New, antibody-resistant coronavirus variant discovered in Texas
Researchers at Texas A&M University this week reported a new strain of the coronavirus called the BV-1.
The BV-1 variant was found in a saliva sample taken from a student who lives off campus and tested positive for the coronavirus on March 5, the university announced Monday.
Researchers have not found the strain in other individuals but called its genetic make-up “concerning” because it may be resistant to antibodies.
“We do not at present know the full significance of this variant, but it has a combination of mutations similar to other internationally notifiable variants of concern,” Ben Neuman, chief virologist at the university’s Global Health Research Complex, said in a statement.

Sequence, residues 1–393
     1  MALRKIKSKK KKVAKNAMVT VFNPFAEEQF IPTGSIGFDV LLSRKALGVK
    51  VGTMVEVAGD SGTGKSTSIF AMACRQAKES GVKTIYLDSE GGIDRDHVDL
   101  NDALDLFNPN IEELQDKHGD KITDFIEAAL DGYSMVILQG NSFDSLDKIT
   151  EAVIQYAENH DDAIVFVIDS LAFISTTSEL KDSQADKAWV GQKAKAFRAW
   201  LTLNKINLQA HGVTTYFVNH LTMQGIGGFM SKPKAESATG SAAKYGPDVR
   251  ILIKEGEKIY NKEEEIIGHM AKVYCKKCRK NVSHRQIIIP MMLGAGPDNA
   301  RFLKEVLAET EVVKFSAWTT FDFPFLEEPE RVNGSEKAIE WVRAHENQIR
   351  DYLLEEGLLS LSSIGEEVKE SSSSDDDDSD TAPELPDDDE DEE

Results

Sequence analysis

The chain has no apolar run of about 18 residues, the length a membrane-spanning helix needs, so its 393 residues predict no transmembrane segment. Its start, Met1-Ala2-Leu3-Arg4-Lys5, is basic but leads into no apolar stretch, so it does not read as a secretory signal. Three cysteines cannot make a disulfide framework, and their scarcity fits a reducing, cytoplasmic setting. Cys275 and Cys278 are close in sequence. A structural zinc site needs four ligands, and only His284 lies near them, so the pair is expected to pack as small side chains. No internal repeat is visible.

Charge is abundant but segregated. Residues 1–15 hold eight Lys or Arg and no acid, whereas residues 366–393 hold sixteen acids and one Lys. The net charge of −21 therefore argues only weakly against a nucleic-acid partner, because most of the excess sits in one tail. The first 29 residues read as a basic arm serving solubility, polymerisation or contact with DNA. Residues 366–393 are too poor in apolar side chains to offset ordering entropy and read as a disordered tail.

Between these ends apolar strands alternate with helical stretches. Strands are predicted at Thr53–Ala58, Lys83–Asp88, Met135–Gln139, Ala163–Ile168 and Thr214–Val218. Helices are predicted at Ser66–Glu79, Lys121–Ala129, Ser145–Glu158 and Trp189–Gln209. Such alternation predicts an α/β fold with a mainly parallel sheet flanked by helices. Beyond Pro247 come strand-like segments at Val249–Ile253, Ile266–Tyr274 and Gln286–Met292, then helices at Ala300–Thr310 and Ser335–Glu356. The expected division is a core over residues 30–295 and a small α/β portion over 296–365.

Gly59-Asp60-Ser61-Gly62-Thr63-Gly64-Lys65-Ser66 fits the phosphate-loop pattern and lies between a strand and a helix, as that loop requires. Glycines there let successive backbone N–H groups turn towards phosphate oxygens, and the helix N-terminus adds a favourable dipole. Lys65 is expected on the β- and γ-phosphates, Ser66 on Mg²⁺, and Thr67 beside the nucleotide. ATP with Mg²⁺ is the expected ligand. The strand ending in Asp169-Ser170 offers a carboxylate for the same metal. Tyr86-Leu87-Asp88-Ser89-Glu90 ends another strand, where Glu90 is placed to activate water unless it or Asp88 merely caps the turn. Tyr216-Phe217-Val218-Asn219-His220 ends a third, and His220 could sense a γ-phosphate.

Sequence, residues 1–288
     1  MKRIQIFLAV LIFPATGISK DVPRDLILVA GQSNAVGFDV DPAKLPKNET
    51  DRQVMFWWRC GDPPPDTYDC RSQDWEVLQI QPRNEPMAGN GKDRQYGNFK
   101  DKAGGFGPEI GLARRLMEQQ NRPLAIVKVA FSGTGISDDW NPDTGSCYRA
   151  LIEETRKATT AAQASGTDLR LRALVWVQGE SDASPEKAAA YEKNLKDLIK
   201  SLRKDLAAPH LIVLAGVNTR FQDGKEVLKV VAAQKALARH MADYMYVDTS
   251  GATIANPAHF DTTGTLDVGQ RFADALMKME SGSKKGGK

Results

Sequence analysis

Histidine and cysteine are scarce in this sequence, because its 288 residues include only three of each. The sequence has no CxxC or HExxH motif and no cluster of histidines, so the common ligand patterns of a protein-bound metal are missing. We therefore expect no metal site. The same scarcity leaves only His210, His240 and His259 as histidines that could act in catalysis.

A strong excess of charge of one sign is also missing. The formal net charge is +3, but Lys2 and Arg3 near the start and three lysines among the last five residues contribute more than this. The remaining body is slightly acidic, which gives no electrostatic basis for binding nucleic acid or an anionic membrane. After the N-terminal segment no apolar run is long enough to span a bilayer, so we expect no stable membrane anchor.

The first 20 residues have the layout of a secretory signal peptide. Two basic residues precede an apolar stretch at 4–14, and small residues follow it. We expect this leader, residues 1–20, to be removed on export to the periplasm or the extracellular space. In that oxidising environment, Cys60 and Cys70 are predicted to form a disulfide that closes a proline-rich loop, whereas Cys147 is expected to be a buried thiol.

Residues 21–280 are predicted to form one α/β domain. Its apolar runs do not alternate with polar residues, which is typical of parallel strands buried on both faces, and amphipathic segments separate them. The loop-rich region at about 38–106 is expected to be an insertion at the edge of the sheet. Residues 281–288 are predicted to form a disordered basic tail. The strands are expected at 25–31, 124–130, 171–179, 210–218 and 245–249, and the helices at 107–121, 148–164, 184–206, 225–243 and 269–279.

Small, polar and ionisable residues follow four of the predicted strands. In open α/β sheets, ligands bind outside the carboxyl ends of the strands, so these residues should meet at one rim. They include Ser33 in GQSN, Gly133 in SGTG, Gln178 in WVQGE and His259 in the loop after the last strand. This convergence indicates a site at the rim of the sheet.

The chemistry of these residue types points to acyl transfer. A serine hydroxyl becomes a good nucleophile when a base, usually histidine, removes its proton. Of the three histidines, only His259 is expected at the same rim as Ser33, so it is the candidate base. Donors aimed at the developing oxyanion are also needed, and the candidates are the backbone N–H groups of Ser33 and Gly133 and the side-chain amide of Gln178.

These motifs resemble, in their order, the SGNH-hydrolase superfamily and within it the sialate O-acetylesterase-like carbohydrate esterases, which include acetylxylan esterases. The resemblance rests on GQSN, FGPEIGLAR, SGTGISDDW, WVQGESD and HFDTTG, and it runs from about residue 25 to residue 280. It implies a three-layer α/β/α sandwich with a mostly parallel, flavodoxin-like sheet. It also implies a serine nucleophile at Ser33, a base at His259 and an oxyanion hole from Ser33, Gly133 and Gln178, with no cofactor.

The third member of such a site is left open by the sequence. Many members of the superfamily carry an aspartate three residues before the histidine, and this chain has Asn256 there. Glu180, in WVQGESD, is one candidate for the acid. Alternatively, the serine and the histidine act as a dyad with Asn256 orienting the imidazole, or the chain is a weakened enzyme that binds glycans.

He added: “This variant combines genetic markers separately associated with rapid spread, severe disease and high resistance to neutralizing antibodies.”
Researchers said the student tested positive for the virus for about a month, “indicating the variant may cause a longer lasting infection than is typical of COVID-19 for adults ages 18-24.”
Scientists said they have alerted the Centers for Disease Control and Prevention about BV-1, which is named after its origin in the Brazos Valley region of Texas.
Jessica Flores is a San Francisco Chronicle staff writer. Email: firstname.lastname@example.org Twitter: @jesssmflores